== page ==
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Switch between Vim window splits easily

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Tip 173 Printable Monobook Previous Next

created December 4, 2001 · complexity intermediate · author Jonathan McPherson · version 5.7


Alt+arrow NavigationEdit

Alt+leftarrow will go one window left, etc.

nmap <silent> <A-Up> :wincmd k<CR>
nmap <silent> <A-Down> :wincmd j<CR>
nmap <silent> <A-Left> :wincmd h<CR>
nmap <silent> <A-Right> :wincmd l<CR>


Ctrl+kjhl NavigationEdit

I am a Web developer and I use Vim as my primary editor.

Most programming projects (and Web programming projects, in particular) are spread out over multiple files, which you often want to have open concurrently. If you don't already know, Vim supports this very well! Just use:

:sp name-of-another-file-to-edit

My problems were that (1) it took too long to move between files, and (2) the files were taking up too much room on the screen.

(1) In order to move to the file in the split above my current window, I was typing Ctrl-W, Up (move up a window) Ctrl-W, _ (maximize the window). That's four keystrokes (more if you count Ctrl and Shift), and they are all over the keyboard. To help avoid this problem, I created this mapping in my .vimrc:

map <C-J> <C-W>j<C-W>_
map <C-K> <C-W>k<C-W>_

Now I can hold down Ctrl and move between windows with the standard Vim movement keys. Much, much quicker!

(2) By default, Vim displays the current line of each minimized file, which (to me) isn't much help and takes up too much screen real estate. I use this line in my .vimrc:

set wmh=0

This sets the minimum window height to 0, so you can stack many more files before things get crowded. Vim will only display the filename.

Hope this helps those of you who are working on projects with large numbers of files you're constantly flipping through. Happy Vimming!


CommentsEdit

One may also do the dual thing for vertical splits/window changes:

set wmw=0
nmap <c-h> <c-w>h<c-w><Bar>
nmap <c-l> <c-w>l<c-w><Bar>



I have solved the same problem by setting:

set winminheight=0
set winheight=999

winheight is always bigger than my window so the current window is maximized.

I do not have to set mapping and I can use other commands to change buffer, fi C-W C-W, mouse click on status line of the buffer etc.


I created the SwitchWindow function which uses the ALT left/right/up/down cursor keys to easily move between windows.

" Switch window mappings /*{{{*/
nnoremap <A-Up> :normal <c-r>=SwitchWindow('+')<CR><CR>
nnoremap <A-Down> :normal <c-r>=SwitchWindow('-')<CR><CR>
nnoremap <A-Left> :normal <c-r>=SwitchWindow('<')<CR><CR>
nnoremap <A-Right> :normal <c-r>=SwitchWindow('>')<CR><CR>

function! SwitchWindow(dir)
  let this = winnr()
  if '+' == a:dir
    execute "normal \<c-w>k"
    elseif '-' == a:dir
    execute "normal \<c-w>j"
    elseif '>' == a:dir
    execute "normal \<c-w>l"
    elseif '<' == a:dir
    execute "normal \<c-w>h"
  else
    echo "oops. check your ~/.vimrc"
    return ""
  endif
endfunction
" /*}}}*/

Another very useful mapping for me is:

:imap <C-w> <C-o><C-w>

this allows all window commands in insert mode and i'm not accidentally deleting words anymore :-)


No keypressing -- focus-follows-mouse for gvim, in _gvimrc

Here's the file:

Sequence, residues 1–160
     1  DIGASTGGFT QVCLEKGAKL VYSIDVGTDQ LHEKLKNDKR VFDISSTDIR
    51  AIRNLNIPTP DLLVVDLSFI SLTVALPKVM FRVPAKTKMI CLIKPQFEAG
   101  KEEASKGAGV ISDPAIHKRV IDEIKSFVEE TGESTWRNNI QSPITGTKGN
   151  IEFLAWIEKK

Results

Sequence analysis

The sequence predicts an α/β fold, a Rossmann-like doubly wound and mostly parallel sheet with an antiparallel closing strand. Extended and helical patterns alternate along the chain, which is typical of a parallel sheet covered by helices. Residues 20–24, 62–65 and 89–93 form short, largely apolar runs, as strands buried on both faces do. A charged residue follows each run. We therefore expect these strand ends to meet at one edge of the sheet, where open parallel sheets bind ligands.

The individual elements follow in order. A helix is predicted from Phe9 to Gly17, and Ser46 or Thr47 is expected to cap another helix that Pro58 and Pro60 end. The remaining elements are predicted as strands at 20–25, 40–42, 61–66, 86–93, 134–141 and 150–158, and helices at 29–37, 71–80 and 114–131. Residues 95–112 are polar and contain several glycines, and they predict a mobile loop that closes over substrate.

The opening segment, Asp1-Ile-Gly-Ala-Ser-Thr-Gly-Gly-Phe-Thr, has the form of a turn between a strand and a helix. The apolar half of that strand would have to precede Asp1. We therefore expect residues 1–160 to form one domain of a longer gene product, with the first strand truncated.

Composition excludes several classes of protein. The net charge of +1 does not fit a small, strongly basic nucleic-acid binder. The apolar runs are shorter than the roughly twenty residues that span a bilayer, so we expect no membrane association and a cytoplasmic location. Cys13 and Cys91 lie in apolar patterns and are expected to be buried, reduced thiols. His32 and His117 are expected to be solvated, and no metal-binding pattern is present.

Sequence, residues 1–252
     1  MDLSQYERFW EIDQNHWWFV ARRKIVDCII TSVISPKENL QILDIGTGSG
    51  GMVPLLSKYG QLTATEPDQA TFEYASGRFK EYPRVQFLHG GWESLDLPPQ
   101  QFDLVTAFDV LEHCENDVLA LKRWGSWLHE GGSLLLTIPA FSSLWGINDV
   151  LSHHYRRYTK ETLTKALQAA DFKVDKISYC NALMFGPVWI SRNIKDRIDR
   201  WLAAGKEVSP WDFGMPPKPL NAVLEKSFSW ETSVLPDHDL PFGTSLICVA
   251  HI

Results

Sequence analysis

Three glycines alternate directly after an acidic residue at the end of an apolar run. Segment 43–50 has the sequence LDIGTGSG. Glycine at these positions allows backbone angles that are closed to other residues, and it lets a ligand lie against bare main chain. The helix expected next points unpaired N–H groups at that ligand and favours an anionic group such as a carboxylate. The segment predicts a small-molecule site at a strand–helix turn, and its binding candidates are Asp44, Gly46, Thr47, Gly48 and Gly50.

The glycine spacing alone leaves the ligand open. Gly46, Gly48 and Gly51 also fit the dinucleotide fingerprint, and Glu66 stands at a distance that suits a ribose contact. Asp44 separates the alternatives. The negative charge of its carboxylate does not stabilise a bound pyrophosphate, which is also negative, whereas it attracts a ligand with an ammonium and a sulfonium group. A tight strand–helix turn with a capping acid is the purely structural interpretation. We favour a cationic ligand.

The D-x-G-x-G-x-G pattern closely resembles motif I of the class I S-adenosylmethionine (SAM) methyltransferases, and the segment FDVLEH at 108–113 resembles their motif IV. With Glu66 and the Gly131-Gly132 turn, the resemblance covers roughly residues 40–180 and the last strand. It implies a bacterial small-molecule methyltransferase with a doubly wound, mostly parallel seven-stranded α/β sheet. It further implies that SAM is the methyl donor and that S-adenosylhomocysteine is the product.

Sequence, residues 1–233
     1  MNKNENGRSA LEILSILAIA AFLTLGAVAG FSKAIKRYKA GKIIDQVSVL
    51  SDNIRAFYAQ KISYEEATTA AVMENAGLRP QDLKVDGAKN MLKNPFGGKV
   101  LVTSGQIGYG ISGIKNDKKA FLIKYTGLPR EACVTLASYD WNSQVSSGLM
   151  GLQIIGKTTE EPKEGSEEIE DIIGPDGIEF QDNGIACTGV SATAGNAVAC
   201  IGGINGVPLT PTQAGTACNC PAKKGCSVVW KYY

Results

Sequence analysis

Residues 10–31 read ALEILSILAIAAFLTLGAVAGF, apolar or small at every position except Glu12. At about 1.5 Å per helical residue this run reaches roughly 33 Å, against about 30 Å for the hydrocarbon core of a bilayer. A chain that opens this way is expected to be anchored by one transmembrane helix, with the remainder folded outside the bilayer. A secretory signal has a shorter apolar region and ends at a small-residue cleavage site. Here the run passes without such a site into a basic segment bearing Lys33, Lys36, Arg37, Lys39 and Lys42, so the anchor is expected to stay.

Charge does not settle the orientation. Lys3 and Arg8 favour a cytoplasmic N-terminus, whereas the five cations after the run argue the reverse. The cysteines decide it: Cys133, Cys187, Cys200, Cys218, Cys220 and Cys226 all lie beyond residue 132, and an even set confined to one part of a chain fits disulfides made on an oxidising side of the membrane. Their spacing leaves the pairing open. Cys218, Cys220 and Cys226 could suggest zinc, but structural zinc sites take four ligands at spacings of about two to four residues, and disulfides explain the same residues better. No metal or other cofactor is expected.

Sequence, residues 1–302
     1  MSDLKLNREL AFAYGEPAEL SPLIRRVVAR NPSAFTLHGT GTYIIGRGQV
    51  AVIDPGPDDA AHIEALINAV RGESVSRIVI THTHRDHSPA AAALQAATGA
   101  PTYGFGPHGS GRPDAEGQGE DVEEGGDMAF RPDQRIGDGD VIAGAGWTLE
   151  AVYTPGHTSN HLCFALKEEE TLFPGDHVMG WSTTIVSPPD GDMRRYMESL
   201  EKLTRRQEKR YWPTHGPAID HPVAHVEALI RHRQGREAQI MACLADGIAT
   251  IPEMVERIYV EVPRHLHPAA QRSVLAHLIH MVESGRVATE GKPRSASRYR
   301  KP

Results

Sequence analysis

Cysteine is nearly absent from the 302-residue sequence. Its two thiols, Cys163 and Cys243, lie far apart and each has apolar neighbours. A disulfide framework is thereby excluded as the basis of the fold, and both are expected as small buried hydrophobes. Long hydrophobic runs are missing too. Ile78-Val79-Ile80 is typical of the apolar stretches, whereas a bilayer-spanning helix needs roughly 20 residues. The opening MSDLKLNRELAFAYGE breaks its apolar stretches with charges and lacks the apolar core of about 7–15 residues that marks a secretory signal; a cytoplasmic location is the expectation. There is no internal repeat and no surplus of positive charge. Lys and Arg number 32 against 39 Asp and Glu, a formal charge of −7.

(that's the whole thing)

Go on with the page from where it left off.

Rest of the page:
:set mousefocus

To quickly resize windows with a vertical split:

:map - <C-W>-
:map + <C-W>+

To resize vertical windows quickly with ALT-SHIFT-[<>]:

:vsplit other.fil
:map <M-<> <C-W><
:map <M->> <C-W>>

Always handy to scroll between open windows.

:map <F6> <C-W>w

I now use the tabbar plugin script#1338 to simply ALT-1, ALT-2, etc to switch between buffers. The tabbar plugin is derived from the famous minibufexpl plugin with some useful enhancements (like the ALT-n shortcut to switch between buffers).


I love this tip! I found [however] for my purposes it was very inconvenient to have the 'from' window minimize itself, especially since I often want to look at portions of two (or more) different scripts simultaneously, whilst jumping the cursor between them-perhaps to copy some code from one to the other. Here was my solution:

map <C-J> <C-W>j<15C-W>_
map <C-K> <C-W>k<15C-W>

By adding the value '15' in the appropriate spot, it designates a specific size for a window. However, serendipity intervened...although that is the correct size (per window) when two windows share the screen, if a third (or 4th, or whatever) are added, the screen will continue to display each window with an equal share of the real-estate.


I've found that remapping my tab keys to behave like Firefox solves a lot of the mental problems I have when working with multiple applications. Of course, having C-w mapping to closing a tab isn't quite the best thing when you've got split windows (especially for plugins like Project). The easiest way I've found to avoid this is to simply over-ride the navigation keys with ctrl or alt as follows:

:nmap <silent> <C-h> :wincmd h<CR>
:nmap <silent> <C-j> :wincmd j<CR>
:nmap <silent> <C-k> :wincmd k<CR>
:nmap <silent> <C-l> :wincmd l<CR>

Of course you might want to retain your old C-w window-managing key in something else, like C-S-w:

:nmap <silent> <C-S-w> :wincmd<Space>

This saves me a lot of headaches, especially since it's already painful enough to switch between terminals and OSes in a mixed environment like a school lab.


I'm learning vim and working on a Mac laptop, and C-w is a pain since there's only the one control key on the left side of the keyboard. I'm learning tmux at the same time and have tmux pane navigation mapped to C-b h,j,k,l. I'm constantly confusing vim and tmux navigation, so I mapped vim windows navigation to a <leader><key> combination:

 let mapleader= ","
 map <leader>h :wincmd h<CR>
 map <leader>j :wincmd j<CR>
 map <leader>k :wincmd k<CR>
 map <leader>l :wincmd l<CR>

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